Five things we want to do before we’re 40

As we celebrate our 35th birthday, we’ve put together a bucket list of things we want to achieve in the next five years – and they’ve got everything to do with taps, toilets and transforming lives.

21 Jul 2016

Swim with dolphins. See the northern lights. Climb to the top of Mount Kilimanjaro.

These are some of the things you might expect to see on a 35-year-old’s bucket list. But when you’re a charity dedicated to creating a world where everyone everywhere has taps and toilets by 2030, what do your big ideas for the future look like?

To keep on track with our aim, here are five of the things we want to achieve before we hit the big 4-0:

1. Work with more of the world’s most remote communities

Meet the Kaiwa family. They live in a small community in Papua New Guinea – a country where 85% of the population live in hard-to-reach rural areas with little or no public services.

When a WaterAid programme started in their community, the Kaiwas learnt to build their own toilet. Now their health has improved and their children don’t get sick any more.

We already work in 38 countries across the globe, but we have plans to reach even more in the next four years – so more families like the Kaiwas can build a better future.

The Kaiwa family in front of their toilet, Papua New Guinea.
“We decided to build a toilet because the important thing is health of the family. Now the children aren’t sick anymore.” Andrew Kaiwa with his family in Papua New Guinea.

2. Make more friends (and influence people)

After 35 years, if there's one thing we’ve learnt, it’s that we can achieve more by working together.

When we partner with other organisations – big and small – we can share expertise and reach more people than ever before with vital taps and toilets.

Meanwhile, working with governments means we can make sure water, sanitation and hygiene are integrated into essential plans for education, health and housing.

That means more amazing moments like this one in 2015, when – after years of working with the Nepalese government – the right to taps and toilets was enshrined as a right in the country’s new constitution:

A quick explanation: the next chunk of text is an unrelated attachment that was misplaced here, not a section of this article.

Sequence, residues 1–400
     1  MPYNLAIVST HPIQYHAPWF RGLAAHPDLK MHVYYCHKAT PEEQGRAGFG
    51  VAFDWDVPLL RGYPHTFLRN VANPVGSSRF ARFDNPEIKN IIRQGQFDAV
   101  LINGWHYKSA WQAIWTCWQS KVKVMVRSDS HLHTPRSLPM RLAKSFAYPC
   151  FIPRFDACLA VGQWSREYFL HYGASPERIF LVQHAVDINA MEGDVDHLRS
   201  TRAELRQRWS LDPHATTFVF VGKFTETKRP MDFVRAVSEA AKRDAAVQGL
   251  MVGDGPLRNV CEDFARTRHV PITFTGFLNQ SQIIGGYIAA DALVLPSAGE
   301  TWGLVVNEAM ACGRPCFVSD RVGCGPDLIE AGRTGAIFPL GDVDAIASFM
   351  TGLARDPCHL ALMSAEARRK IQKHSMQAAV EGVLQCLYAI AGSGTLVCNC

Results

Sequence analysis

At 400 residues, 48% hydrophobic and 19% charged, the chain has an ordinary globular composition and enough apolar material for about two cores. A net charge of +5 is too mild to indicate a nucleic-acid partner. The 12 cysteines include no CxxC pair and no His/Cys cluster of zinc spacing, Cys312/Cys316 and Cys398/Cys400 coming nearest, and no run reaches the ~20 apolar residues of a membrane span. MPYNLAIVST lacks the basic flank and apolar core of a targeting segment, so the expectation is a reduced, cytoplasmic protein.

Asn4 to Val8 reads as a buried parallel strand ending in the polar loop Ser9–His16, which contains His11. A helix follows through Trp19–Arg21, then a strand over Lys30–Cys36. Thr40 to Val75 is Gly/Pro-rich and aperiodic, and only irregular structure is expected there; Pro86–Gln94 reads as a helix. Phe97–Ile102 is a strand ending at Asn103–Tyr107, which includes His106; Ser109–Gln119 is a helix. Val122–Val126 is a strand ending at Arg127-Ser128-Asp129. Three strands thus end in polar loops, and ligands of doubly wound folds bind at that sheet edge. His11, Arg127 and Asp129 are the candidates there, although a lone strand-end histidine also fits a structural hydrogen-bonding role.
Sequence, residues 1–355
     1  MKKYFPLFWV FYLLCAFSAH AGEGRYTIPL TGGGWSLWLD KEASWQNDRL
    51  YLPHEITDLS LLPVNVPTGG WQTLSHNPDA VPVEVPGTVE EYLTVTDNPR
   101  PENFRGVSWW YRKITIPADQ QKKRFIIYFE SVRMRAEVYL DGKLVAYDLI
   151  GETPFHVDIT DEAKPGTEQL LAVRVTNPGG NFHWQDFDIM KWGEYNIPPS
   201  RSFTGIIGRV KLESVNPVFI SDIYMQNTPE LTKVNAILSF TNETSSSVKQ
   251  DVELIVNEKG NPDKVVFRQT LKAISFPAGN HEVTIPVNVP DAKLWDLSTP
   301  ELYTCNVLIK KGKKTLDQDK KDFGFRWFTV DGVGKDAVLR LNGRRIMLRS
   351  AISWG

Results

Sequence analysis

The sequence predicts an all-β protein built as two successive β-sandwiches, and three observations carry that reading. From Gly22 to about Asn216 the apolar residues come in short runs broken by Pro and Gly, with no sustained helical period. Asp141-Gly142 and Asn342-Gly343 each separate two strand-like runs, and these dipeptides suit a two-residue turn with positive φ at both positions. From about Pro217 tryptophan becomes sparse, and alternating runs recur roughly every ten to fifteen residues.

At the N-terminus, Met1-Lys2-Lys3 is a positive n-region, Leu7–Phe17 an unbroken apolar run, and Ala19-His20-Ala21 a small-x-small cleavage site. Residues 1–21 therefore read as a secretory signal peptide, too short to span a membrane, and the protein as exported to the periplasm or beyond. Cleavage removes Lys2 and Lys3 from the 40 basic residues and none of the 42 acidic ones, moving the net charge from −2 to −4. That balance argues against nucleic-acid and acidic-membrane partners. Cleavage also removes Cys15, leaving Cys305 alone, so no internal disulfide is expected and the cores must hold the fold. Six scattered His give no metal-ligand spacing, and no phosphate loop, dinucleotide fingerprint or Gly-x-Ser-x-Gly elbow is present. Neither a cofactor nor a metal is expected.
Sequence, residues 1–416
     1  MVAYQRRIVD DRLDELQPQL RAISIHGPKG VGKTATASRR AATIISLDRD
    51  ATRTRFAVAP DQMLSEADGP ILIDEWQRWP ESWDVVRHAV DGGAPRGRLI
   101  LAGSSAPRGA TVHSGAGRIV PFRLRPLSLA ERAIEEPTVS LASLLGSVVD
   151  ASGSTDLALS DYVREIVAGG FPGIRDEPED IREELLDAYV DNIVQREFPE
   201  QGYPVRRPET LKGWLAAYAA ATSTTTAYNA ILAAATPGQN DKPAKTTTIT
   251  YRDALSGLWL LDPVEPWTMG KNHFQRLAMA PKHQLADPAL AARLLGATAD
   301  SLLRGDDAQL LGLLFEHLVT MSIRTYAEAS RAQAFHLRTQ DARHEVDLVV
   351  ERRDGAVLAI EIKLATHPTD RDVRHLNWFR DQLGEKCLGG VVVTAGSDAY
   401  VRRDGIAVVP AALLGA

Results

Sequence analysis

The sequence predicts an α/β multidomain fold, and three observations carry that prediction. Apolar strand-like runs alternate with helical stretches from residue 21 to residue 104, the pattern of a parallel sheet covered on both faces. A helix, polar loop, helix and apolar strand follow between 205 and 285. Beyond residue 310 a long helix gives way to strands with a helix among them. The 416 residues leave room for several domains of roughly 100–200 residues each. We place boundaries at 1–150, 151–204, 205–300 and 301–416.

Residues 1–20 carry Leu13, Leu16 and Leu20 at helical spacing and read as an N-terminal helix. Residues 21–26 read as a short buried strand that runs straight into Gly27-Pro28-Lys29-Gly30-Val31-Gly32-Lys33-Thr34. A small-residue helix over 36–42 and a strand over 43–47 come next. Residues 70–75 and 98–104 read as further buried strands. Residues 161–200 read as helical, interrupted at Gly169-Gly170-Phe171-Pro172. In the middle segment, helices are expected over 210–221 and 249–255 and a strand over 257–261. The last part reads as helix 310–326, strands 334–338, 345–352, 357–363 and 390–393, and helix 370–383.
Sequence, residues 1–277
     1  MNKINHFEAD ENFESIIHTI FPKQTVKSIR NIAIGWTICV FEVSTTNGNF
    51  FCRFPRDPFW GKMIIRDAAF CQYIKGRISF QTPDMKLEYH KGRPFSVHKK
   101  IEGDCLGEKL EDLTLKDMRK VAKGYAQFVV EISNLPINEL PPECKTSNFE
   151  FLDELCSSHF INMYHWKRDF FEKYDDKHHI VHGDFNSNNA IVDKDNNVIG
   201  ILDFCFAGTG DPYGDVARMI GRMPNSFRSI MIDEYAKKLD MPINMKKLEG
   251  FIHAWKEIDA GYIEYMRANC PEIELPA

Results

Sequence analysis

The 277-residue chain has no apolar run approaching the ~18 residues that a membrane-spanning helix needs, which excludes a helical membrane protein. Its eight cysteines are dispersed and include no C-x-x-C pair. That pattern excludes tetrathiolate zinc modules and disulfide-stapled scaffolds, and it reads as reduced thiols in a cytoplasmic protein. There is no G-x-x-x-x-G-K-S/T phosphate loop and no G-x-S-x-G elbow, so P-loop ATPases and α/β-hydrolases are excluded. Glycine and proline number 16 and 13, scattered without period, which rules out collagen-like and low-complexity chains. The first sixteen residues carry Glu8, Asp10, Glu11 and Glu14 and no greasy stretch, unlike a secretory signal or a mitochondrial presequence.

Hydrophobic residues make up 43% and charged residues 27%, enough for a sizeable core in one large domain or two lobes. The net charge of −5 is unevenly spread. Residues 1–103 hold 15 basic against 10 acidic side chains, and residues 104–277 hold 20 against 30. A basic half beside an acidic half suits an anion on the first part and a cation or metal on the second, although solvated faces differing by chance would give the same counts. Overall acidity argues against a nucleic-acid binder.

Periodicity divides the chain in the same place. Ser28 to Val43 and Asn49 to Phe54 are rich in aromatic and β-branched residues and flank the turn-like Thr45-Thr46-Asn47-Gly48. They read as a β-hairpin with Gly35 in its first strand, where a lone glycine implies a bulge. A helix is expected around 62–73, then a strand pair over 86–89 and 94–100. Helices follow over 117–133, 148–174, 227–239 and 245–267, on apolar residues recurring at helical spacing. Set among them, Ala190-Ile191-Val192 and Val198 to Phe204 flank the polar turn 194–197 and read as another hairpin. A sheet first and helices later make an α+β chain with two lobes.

3. Help the world’s poorest people cope with climate change

Since WaterAid began, the world’s poorest people have been hardest hit by floods, droughts and monsoons as our climate changes – and are finding themselves without the resources to deal with these threats.

We’re committed to providing practical solutions to help communities cope, like household rainwater harvesting tanks, which can provide a family with drinking water for three months, and raised toilets, which won’t contaminate water supplies during heavy floods.

Critically, we also want to empower more people to hold their governments to account, to make sure they provide the support people need to deal with the challenges caused by climate change.

Naznin Nahar, a housewife from Ward 3 expressing her concerns over water logging in her area at a community meeting, Paikgacha Municipality, Khulna, Bangladesh, 2014.
We’re working to empower more people like Naznin, who lives in the flood-prone region of Paikgacha, Bangladesh, to express their concerns about climate change.

4. Get the world to look differently at drilling

Here comes the technical one! If we want to make sure every borehole drilled has the best chance of providing water for years to come, we need to drive up standards in the water supply industry – and that’s no mean feat. Even picking the right place to get started can be a challenge, as this animation shows:

What makes it all worthwhile? Simple. Creating a world where we know the wells, taps and toilets we help to build are here to stay.

5. Leave no one behind

When we say we want to reach everyone everywhere, we mean it.

Around the world, we work hard to promote the rights of marginalised people, and to make sure all the services we provide are accessible to everyone – including people like Aguti.

She lost an arm when she was attacked at home in the Amuria district, Uganda, by members of the Lord’s Resistance Army.

“The nearest water source is about three kilometres away. People like me, living with a disability, will always find it challenging to go there and carry water home,” she says.

“My life changed when I got a rainwater harvesting tank. Now we don’t have to walk far to collect water. The water from the tank is good. We can use it for all our household chores."

Aguti Anna Grace using a WaterAid rainwater harvesting tank in her compound in Aitacutuk village, Uganda.
Aguti uses the rainwater harvesting tank that changed her life.

Help get our bucket list off to a flying start. Tell world leaders to keep their promise to get taps and toilets to everyone everywhere by 2030. Sign the petition >